One of four people working as directors in Canada’s first federal office of Indigenous languages is Inuk.
Nunavik’s Robert Watt, a former school board commissioner, will now be working to preserve Inuit languages and dialects across Inuit Nunangat in his new role as director in the Office of the Commissioner of Indigenous Languages, Steven Guilbeault, the minister of Canadian Heritage, announced Monday in a news conference.
“We are here to support you because we are working for you,” Watt said. “It is our language, our voice, we have to make sure it survives.”
Watt has organized terminology workshops, created databases for interpreters and personally helped create and teach an adult education translation and interpretation program, a Canadian Heritage news release stated.
He used to be the president and commissioner of Nunavik’s school board, Kativik Ilisarniliriniq, where he advanced Inuktitut language through school programs, the release states.
Before that, Watt collected nearly 800 statements from residential school survivors while he worked as co-director of the Inuit Sub-Commission at the Truth and Reconciliation Commission.
Watt also facilitated the first national gathering of Inuit throat singers and “paved the way” to the Government of Quebec granting throat singing special cultural heritage status.
“Since his early career [Watt] has been involved in promoting, protecting and preserving Inuktitut,” the release states.
Before the announcement was made, Nunavut’s languages commissioner Karliin Aariak said she hoped someone from Nunavut or an Inuktut-speaking community would be selected for one of the four director roles.
Aariak congratulated the first commissioner of Indigenous languages as well as the new directors in an email.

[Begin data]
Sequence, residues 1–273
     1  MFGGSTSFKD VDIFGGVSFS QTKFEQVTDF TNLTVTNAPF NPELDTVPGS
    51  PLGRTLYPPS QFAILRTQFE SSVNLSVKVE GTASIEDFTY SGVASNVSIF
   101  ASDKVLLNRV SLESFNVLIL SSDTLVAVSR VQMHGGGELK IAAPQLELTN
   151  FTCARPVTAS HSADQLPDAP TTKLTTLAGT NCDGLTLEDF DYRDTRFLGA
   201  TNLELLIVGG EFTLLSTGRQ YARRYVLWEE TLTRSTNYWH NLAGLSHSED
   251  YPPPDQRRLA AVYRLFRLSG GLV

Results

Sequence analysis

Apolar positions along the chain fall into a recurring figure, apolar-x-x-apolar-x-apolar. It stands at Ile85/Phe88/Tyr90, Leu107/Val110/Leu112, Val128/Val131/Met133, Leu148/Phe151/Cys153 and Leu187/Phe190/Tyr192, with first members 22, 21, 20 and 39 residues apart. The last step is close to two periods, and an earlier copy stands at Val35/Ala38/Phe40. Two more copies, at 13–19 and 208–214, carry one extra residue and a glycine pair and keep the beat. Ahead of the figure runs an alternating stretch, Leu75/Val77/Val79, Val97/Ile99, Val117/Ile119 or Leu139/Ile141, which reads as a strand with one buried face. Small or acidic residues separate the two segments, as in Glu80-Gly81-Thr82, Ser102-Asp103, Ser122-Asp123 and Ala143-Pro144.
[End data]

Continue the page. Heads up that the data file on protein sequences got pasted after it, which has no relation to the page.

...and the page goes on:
“I look forward to possible future collaborations,” she wrote.
Watt is one of three directors who work under the commissioner of the new office — Ronald E. Ignace, a member of the Secwepemc Nation in British Columbia.
“For those of us who have passionately cared about and fought for the future of our Indigenous languages, getting here has consumed nearly a lifetime,” Ignace said during the news conference.
“As we reclaim and rebuild our languages, there is much work ahead of us,” he said. “Some of our languages are hanging by a thread, having lost all or nearly all of their speakers.”
The other directors are Georgina Liberty and Joan Greyes, which means there is a First Nations, Métis and Inuk director on board.
Natan Obed, the president of Inuit Tapiriit Kanatami, also spoke at the conference.
“This is indeed a very special day,” he said.
Nunavut is unique because it is the only region in Canada where Indigenous languages are spoken by the majority, but that isn’t the case in all of Inuit Nunangat, he said.
“Each one of our regions ranges in a state of maintenance, revitalization and reclamation.”
“I’m not trying to put too much pressure on the directors and the commissioner, but this is something that we have been working towards for such a long time,” Obed said.
The creation of the new Office of the Commissioner of Indigenous Languages is a result of the Liberal government’s Indigenous Languages Act, Bill C-91, which was passed in June 2019 and includes $333.7 million in funding over a five-year period — the duration of the appointees’ terms.
The Department of Canadian Heritage held virtual consultations with Indigenous communities across Canada while creating the new office, and the Truth and Reconciliation Commission of Canada also called for consultation when choosing the commissioner.
The new office will operate independently from the Canadian government and is meant to support Indigenous peoples in their self-determining efforts to reclaim, revitalize, maintain and strengthen Indigenous languages, according to the release.
Doing research and creating culturally appropriate dispute resolution services are also parts of the office’s mandate.